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TNO Healthy Living aims to contribute to human health and wellbeing through development of novel strategies for prevention of (chronic) diseases, and providing individuals the means to make better and more healthy choices in nutrition and lifestyle. The human microbiome plays a key role in physiology, including immune, metabolic and neuronal processes. Alterations of the microbiome (or dysbiosis) greatly affects our health and long-term disease risk, relating to important elements within TNO’s strategic innovation themes, e.g. Early Life, Prevention, Personalised Health, and Body-Brain.
In my research within the chair of Oral Systems Biology, I aim at unravelling role of the microbiome mouth and respiratory tract in health and disease. Chronic inflammatory diseases of the mouth and respiratory tract impact health of many in society. By using systems biological approaches, I aim to gain insight in pathological processes at the early onset of chronic inflammatory diseases. Moreover, in my research I also aim to identify beneficial symbiotic functions of our microbiome in infection resistance, immune health, gustatory and olfactory perception. This provides fundaments for novel, microbiome-based strategies for the prevention of disease and optimization of health throughout the span of life. Stimulation of healthy biological processes, and thereby prevention of disease is a paradigm shift in the field of oral and respiratory health care, where the current focus is on treatment of disease.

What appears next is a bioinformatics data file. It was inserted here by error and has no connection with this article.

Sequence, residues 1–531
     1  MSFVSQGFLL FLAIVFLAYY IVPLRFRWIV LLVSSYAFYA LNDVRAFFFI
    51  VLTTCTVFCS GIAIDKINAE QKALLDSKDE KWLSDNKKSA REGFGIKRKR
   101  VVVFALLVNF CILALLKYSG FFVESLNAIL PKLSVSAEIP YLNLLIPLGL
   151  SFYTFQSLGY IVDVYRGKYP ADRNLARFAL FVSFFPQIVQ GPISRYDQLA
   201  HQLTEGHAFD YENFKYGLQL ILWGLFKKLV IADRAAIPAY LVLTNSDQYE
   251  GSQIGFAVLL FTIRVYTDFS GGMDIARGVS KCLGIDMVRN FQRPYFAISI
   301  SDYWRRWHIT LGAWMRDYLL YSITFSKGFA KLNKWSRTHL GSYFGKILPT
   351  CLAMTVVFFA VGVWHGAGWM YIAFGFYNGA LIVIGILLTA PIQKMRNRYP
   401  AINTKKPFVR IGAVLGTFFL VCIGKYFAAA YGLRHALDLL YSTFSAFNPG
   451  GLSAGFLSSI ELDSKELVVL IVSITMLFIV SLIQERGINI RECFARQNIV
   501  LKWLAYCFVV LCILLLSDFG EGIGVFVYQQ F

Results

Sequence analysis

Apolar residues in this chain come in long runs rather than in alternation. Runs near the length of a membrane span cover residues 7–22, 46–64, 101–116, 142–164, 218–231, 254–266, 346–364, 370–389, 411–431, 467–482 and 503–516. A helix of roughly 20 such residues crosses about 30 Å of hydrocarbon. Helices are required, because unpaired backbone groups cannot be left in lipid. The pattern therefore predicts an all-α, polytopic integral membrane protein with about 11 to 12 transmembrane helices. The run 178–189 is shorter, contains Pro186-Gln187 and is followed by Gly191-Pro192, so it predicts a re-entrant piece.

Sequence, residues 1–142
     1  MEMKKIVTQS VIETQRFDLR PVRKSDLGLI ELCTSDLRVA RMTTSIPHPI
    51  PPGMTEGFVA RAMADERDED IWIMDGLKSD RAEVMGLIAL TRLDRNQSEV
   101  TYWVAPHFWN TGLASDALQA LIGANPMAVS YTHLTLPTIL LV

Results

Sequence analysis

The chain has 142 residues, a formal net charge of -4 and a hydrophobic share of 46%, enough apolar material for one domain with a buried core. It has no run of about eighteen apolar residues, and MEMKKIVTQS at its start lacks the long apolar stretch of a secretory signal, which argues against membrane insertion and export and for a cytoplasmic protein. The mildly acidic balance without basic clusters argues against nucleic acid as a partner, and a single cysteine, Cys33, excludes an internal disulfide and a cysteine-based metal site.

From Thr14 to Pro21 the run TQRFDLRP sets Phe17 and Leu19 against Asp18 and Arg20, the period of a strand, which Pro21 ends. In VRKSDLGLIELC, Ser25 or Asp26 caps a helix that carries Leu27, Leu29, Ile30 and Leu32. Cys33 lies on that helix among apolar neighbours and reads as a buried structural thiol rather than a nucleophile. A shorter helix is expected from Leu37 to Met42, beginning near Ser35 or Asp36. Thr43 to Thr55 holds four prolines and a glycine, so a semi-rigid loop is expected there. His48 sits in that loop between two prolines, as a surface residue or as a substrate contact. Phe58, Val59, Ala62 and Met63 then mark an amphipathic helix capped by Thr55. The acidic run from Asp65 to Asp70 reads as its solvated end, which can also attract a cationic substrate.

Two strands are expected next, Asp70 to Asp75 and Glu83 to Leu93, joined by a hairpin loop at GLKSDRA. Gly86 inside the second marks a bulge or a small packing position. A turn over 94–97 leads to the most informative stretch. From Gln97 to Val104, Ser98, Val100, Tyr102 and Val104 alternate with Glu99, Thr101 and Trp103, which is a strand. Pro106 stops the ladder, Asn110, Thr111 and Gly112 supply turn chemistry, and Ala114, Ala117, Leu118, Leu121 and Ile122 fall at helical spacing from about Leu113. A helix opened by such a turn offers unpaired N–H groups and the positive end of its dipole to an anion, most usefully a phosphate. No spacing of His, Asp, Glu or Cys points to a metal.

By studying the development of the microbiota of the upper respiratory tract, we were able to show that infants colonized by specific types of bacteria at the age of two months were less vulnerable for respiratory infections, and recovered more quickly upon infection. Also infants that were colonized by these microbial populations had a lower risk for the development of asthma later in life. These findings may provide novel approaches to improve respiratory health in infants.
We have studied interactions between the oral microbiota, oral health appetite and malnutrition in an elderly population. We were able to show that undernutrition results in detrimental changes in the oral microbiome. Furthermore, and to our surprise, we found that impaired microbial production of butyrate in the oral cavity was related to impaired capacity of smell. Loss of smell in elderly is regarded as a hallmark of cognitive decline.
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